De Quervain’s Tenosynovitis

DeQuervains tenosynovitis is a painful condition that affects two of the tendons that help straighten and bring the thumb back away from the palm. The extensor pollicis brevis and abductor pollicis longus tendons run through a tight tunnel as they make their way up the forearm towards the thumb. Irritation of the tendons can cause pain and inflammation in this area, which is worsened by moving the hand and wrist.


The exact cause is unknown. DeQuervains can be caused by prolonged use of your hand and wrist, in activities, occupations or sports that involve repeated gripping, grasping and twisting of the wrist and thumb, as well as when undertaking unusual activities such as a gardening project or DIY. Direct injuries can cause inflammation here, such as a knock to the wrist, as well as inflammatory conditions such as rheumatoid arthritis.

DeQuervains can be experienced by new mothers, possibly due to hormonal changes in the body or due to a sudden change in their usual activity (for example, on repeated lifting of their baby or repeated breast or bottle feeding).


  • Pain when moving or using the thumb near the base of the thumb.
  • Difficulty grasping or pinching
  • Difficulty turning the wrist
  • Difficulty lifting with the thumb open wide (for example, lifting a child).


Many symptoms will settle with a period of rest and avoiding activities that cause pain.

Pain relief

Medication (such as simple painkillers or anti-inflammatories) may be useful. A pharmacist or healthcare practitioner can help advise you what to take if needed. You can find further information here on what medications you could take here:

How and when to take paracetamol for adults – NHS (

Ibuprofen for adults: painkiller which also treats inflammation – NHS (

Ice or heat therapy

You may find heat helpful to ease stiff and painful joints. Try filling a bowl with warm water or resting your hand on a microwaved heat pack for 10 minutes. Do not use heat if your joint is hot and swollen as it may make it worse. Instead you can consider using an ice pack or bag of frozen peas.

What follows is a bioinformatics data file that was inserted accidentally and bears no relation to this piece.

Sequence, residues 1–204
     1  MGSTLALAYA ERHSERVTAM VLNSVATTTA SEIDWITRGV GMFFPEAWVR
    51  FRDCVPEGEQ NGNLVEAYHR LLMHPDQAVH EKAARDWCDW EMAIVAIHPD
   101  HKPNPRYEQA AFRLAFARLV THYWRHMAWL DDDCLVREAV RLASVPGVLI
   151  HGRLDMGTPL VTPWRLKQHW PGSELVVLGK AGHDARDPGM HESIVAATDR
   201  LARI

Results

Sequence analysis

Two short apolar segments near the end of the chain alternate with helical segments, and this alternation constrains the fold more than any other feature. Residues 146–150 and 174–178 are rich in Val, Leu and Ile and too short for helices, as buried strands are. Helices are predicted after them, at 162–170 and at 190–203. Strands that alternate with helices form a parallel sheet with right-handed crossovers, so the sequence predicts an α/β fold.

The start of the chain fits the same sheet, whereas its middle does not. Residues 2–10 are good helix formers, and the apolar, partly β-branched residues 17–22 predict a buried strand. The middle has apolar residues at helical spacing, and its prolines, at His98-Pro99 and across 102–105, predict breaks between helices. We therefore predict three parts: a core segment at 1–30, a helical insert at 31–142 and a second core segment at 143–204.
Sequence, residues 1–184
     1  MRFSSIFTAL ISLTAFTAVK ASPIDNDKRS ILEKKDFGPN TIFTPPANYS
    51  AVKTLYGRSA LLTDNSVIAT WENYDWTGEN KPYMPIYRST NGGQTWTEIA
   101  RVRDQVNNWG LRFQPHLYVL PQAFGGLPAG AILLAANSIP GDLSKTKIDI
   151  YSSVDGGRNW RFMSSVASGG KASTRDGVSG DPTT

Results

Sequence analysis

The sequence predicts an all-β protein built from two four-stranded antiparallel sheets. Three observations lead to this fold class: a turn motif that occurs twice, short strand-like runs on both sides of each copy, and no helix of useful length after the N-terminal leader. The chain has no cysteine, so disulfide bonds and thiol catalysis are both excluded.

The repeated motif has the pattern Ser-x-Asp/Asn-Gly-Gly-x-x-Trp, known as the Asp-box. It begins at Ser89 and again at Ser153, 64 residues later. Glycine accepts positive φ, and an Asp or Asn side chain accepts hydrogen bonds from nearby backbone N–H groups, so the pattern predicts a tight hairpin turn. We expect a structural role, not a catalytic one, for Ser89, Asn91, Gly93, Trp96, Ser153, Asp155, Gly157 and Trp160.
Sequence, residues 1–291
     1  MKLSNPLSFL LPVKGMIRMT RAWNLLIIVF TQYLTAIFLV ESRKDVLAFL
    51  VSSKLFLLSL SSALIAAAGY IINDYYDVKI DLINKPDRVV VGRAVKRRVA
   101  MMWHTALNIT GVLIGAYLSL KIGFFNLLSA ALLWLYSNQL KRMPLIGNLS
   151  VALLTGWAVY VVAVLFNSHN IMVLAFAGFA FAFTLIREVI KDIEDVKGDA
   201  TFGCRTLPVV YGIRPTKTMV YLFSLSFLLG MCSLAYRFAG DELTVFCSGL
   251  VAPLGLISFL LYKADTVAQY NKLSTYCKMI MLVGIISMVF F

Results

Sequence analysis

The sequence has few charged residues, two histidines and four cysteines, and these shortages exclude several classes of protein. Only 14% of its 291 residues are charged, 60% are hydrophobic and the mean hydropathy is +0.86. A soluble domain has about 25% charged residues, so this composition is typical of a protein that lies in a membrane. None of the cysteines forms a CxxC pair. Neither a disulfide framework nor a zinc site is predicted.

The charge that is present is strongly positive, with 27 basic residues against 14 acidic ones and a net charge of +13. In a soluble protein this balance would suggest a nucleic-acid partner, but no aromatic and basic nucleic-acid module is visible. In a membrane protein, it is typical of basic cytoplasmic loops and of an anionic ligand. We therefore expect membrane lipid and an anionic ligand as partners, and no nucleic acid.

Place a tea towel on your wrist (to protect your skin from ice burns), and then place an ice pack or bag of frozen peas over the painful area. Leave this on for ten minutes and use up to 3 times per day.

  • Please be cautious using ice if you have altered sensation or circulatory problems.
  • Check the skin regularly, and stop if there is excessive pain or tingling.


De Quervains SplintImmobilising the wrist and the thumb with a splint (purchased online, or via a sports shop) for a short period (1-2 weeks) may help to settle the pain and inflammation. You could try this for two weeks, day and night. Take it off regularly to maintain the movement in your thumb wrist and fingers.
Here is an example of a suitable splint you could try.

Changing the way you do things

Try and identify what caused your De Quervain’s and take steps to prevent it from happening again. Changing the way that you use your hands and taking regular breaks will help to reduce the strain on your tendons.

Avoid repetitive activities, especially those that involve the thumb, and activities where you hold an object still for a period of time with your wrist bent and the thumb wide open. For new Mothers, this may mean that you have to adapt to new ways of lifting and positioning your baby. Try using a pillow to help support your baby, avoid lifting or lift in a different way.

General movement of the hand and wrist can be beneficial to maintain range of movement and prevent stiffness.

What happens if my symptoms do not resolve?

Speak to your healthcare practitioner if your symptoms persist, despite trying the self-management techniques listed above.

Steroid Injection

Steroid injection can relieve the pain in approximately 70% of cases. This can often be undertaken by GPs, or you can be referred to a physiotherapy practitioner or hand surgeon.


The tendon tunnel can be released surgically in some cases under a local or regional anaesthetic. More information about these options can be found here, as well as a discussion regarding the risks involved:

De Quervain’s syndrome | The British Society for Surgery of the Hand (

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